Royal Living: A Visit at Nether Lypiatt, Princess Michael’s Fabulous Gloucestershire Home

Nether Lypiatt Manor, the former country home of Prince and 
Princess Michael of Kent in Gloucestershire.

I've always been a fan of Princess Michael of Kent. Her sense of style, intelligence and courage to speak her mind out make her a royal standout. As an interior decorator and lover of everything beautiful, Nether Lypiatt Manor, which has been described as a compact, neo-Classical manor house situated in the parish of Thrupp, near Stroud in Gloucestershire, has been the recipient of her clever taste.

James Lees-Milne thought the house was really perfect. He wanted to purchase the house in the 1950s but couldn’t afford it.  In his words, it was "perfect in every way."

Christopher Hussey described it as "singularly beautiful."

Hugh Montgomery-Massingberd, author of English Manor Houses, called the house "a most covetable example of that delectable 'doll's house' style,” thanks to its “gentlemanly, well-mannered” design, a profusion of “Dutch and Classical influences” which was popular during Queen Anne’s reign. Indeed, “it's comfortable, relaxing; nothing too flashy or clever."


The staircase.

The everyday entrance hall of Nether Lypiatt Manor. Cecil Aldin prints hang over 
the paraphernalia of a country life.

The Ludwigsburg china at Nether Lypiatt Manor is presented as a decoration 
wall display in the dining room.

The house was built between 1702 and 1705 for Judge John Coxe, who was notorious for hanging convicted felons. Ironically, one of the rooms witnessed Judge Cox's son hang. To this day, his restless ghost was reportedly seen roaming around the house. But aside from his son, Judge Coxe’s prized stallion and blacksmith also pay their visit. As their death anniversaries approach every January, they would be seen entering through the main gates to the grounds of the property.

Minus the ghost, Nether Lypiatt is famous for its grandiose William and Mary staircase. A wing was added in 1923, making way for the house’s look today, a perfect square of 46 feet (14 m) on each side made more charming with sash windows, towering chimneys, hipped roofs and gate piers and railings. The house has been declared a Grade-I listed building. Such is the quaintness of the house that architectural historian Mark Girouard praised it for perfectly exemplifying the miniature look of an 18th century formal house. The house has four floors, four reception rooms, a studio, four bathrooms, two dressing rooms and staff quarters, including a tall basement and an attic floor. The early eighteenth-century paneling and original stone fireplaces survives to this day.  The house sits on 20 acres of grounds, which saw gradual improvements through the years as new gardens have been planted, including a renovated traditional flower garden to match with the authentic original arts and crafts backbone of vistas and hedges.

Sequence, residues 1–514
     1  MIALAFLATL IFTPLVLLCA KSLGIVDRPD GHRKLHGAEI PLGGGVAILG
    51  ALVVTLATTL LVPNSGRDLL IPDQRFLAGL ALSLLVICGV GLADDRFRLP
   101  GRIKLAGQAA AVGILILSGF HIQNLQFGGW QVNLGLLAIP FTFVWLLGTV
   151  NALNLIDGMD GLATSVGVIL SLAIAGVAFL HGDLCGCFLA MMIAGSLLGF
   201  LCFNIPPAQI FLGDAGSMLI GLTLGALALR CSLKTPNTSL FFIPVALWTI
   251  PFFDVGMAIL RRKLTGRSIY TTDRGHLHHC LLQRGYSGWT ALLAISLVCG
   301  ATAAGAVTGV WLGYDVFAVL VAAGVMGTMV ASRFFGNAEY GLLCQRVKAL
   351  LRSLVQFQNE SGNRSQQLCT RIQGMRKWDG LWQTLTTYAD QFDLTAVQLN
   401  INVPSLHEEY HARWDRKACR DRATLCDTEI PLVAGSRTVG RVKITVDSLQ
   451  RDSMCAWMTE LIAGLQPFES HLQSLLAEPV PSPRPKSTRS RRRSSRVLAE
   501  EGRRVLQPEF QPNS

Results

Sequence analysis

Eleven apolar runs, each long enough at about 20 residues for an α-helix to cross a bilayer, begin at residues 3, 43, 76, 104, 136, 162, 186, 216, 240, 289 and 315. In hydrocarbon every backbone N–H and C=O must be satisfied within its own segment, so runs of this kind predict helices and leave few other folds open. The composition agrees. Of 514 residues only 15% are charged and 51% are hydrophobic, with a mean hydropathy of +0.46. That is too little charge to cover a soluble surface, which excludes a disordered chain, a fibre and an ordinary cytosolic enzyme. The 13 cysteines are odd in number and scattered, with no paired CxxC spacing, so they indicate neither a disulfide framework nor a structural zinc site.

The panelled drawing room.


The sitting room, panelled in beech.
The yellow drawing room.  The immense scagiola table
was made in Florence just for Prince Michael.

With the passing of Judge Cox, Nether Lypiatt has been passed on to several generations of Coxes and other families. In 1914, it was sold to Corbett Woodall, who modernized and improved the house, with the help of Architect Peter Morley Horder. Bathrooms have been installed and an avenue of limes has been planted south of the house. Nine years later, Gordon and Violet Woodhouse purchased the house who left their own imprint by extending the house with the addition of the north-west pavilion, as well as improving the interior.

Prince and Princess Michael of Kent had fallen in love with Nether Lypiatt Manor and had longed to purchase it although when it came up for sale, they were initially discouraged by the high asking price, considering that the house needed a lot of fixing.

Rumors of ghost haunting dejected any chances of getting purchased at a high price. When the asking price was lowered to £300,000, the couple was quick to buy, thus, the county was called "Royal Gloucestershire", thanks to the number of Royal Family members living in the area. Not far away is Queen Mary’s World War II home, Badminton, Princess Anne’s country residence, Gatcombe Park, and Prince Charles own Highgrove.

Of the hauntings, Princess Michael retorted: "I have no doubt that many old houses have some kind of spirit presence or ghost and, if Nether Lypiatt Manor has such, he, she or it, must be benign and well disposed.

"We as a family, our guests and our pets have always felt a welcome from the house from the day we arrived, and have been extremely happy living here."

A Queen Anne bed upholstered in white
embroidered satin and dark blue plush.

Princess Michael's desk.

Woodhouse bedroom

While Princess Michael really loved Nether Lypiatt, her failing fortune and the need to downsize, eventually forced her to sell the manor house. The house was originally up for sale at £6 million, although it was eventually lowered to £5.5 million. The house was purchased by Labour Life Peer Lord Drayson for £5.75 million in 2006.

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